There are many degrees of severity when it comes to chapped lips, beginning with your regular dryness that a quick swipe of lip balm solves. And then there are the more severe chapped lips, which may include skin peeling, deeper cracks, and even bleeding.
You may also have heard of chapped lips being referred to as cheilitis (or angular cheilitis, referring to the corner of the mouth), which is the medical term for chapped lips. It’s essentially inflammation of the area, peeling, cracks, and severe dryness — all of which can be really uncomfortable and take a few weeks to clear.
What are the major causes of chapped lips?
There are actually a ton of reasons why your lips get chapped, below are the most common causes (and we’ll get onto how to treat them later).
Of course, external factors can be to blame for dry, chapped lips. Freezing temperatures, increased wind speeds, sun exposure (yep, even when it’s cold out!), and indoor heating are all culprits. Keep some lip balm handy in every coat pocket to protect your lips.
Bad habits might be the reason for your chronically parched lips and you might not even know about them. “Avoid excessive licking and try not to pick at the lips themselves,” says Dr. Zeichner, and can be a cause for dryness, so is something to be mindful of. Not sure if you do this? Set your phone on time lapse for 15 minutes to see how often you’re licking, touching, or picking at your lips so you can be conscious to avoid it.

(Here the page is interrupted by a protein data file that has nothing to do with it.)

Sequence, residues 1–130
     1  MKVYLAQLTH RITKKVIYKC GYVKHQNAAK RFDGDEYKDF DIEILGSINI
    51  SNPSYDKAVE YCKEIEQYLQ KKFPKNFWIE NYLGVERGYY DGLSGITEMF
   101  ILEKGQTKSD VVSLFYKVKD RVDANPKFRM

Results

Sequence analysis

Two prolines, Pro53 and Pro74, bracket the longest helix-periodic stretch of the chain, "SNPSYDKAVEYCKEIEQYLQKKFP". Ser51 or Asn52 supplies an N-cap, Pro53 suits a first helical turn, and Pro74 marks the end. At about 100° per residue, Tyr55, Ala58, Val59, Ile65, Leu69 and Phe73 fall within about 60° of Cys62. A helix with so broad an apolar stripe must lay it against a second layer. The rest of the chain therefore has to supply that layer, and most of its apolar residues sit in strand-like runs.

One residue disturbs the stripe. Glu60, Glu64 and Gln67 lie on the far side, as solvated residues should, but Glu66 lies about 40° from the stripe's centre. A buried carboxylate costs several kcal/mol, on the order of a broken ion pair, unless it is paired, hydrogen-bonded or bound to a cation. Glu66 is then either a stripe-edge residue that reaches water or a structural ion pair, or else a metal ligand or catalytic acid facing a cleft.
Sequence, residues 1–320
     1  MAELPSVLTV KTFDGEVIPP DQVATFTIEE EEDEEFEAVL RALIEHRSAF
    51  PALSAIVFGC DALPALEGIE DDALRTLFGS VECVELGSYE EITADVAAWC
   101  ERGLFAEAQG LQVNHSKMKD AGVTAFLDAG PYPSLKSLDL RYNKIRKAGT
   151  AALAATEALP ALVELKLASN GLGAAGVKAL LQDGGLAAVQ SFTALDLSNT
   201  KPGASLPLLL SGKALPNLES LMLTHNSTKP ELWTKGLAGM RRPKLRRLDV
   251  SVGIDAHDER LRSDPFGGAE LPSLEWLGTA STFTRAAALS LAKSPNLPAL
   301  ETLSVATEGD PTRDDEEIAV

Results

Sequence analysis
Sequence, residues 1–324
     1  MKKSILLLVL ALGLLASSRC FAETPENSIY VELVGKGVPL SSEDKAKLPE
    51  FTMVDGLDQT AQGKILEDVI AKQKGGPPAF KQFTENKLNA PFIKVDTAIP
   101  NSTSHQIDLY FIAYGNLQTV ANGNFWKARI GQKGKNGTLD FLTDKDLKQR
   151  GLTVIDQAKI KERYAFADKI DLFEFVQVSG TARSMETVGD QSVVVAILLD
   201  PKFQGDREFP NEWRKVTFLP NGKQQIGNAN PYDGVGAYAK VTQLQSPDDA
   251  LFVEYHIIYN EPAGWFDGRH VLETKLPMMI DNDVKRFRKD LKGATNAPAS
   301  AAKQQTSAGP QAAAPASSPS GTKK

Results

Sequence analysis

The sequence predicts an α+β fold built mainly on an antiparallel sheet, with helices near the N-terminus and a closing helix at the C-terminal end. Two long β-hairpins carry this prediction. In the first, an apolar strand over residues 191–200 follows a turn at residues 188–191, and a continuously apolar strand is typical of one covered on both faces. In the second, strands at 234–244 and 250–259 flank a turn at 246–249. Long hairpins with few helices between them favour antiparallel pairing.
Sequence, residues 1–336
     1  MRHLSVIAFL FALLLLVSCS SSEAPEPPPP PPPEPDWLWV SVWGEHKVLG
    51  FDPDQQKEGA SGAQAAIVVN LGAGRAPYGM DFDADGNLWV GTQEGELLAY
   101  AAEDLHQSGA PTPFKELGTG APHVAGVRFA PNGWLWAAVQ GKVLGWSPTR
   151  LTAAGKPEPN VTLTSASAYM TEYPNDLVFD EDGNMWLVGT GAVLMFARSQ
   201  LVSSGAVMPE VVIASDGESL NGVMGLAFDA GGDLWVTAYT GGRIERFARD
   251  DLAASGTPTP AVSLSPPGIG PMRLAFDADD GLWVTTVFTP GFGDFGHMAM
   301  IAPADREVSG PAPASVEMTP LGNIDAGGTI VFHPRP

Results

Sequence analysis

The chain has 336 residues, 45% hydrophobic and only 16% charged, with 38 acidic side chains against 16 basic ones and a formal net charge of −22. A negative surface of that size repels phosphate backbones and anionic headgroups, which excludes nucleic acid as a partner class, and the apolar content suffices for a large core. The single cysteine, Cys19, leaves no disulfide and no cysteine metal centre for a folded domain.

Another factor to be cognizant of is irritation from a product or an allergy. This is known as contact cheilitis and is typically an allergic reaction due to pigments in lipsticks, fragrances, and flavoring agents in foods. If you think this is something you might have but are struggling to determine exactly what the culprit is, your dermatologist can carry out patch testing.
Chronically dry lips can, in some cases, indicate a vitamin or mineral deficiency, such as vitamin B12, so this is best to get checked out by your doctor if you suspect it may be a cause.
Yep, irritation can also be due to everyday skin-care products. “I find that when patients use acne products, they often inadvertently get some on their lips,” says Erum Ilyas, MD, a board-certified dermatologist in Pennsylvania. “These products are designed to exfoliate your skin to improve [breakouts]. If they get on your lips, you will find your lips are persistently dry and cracked.”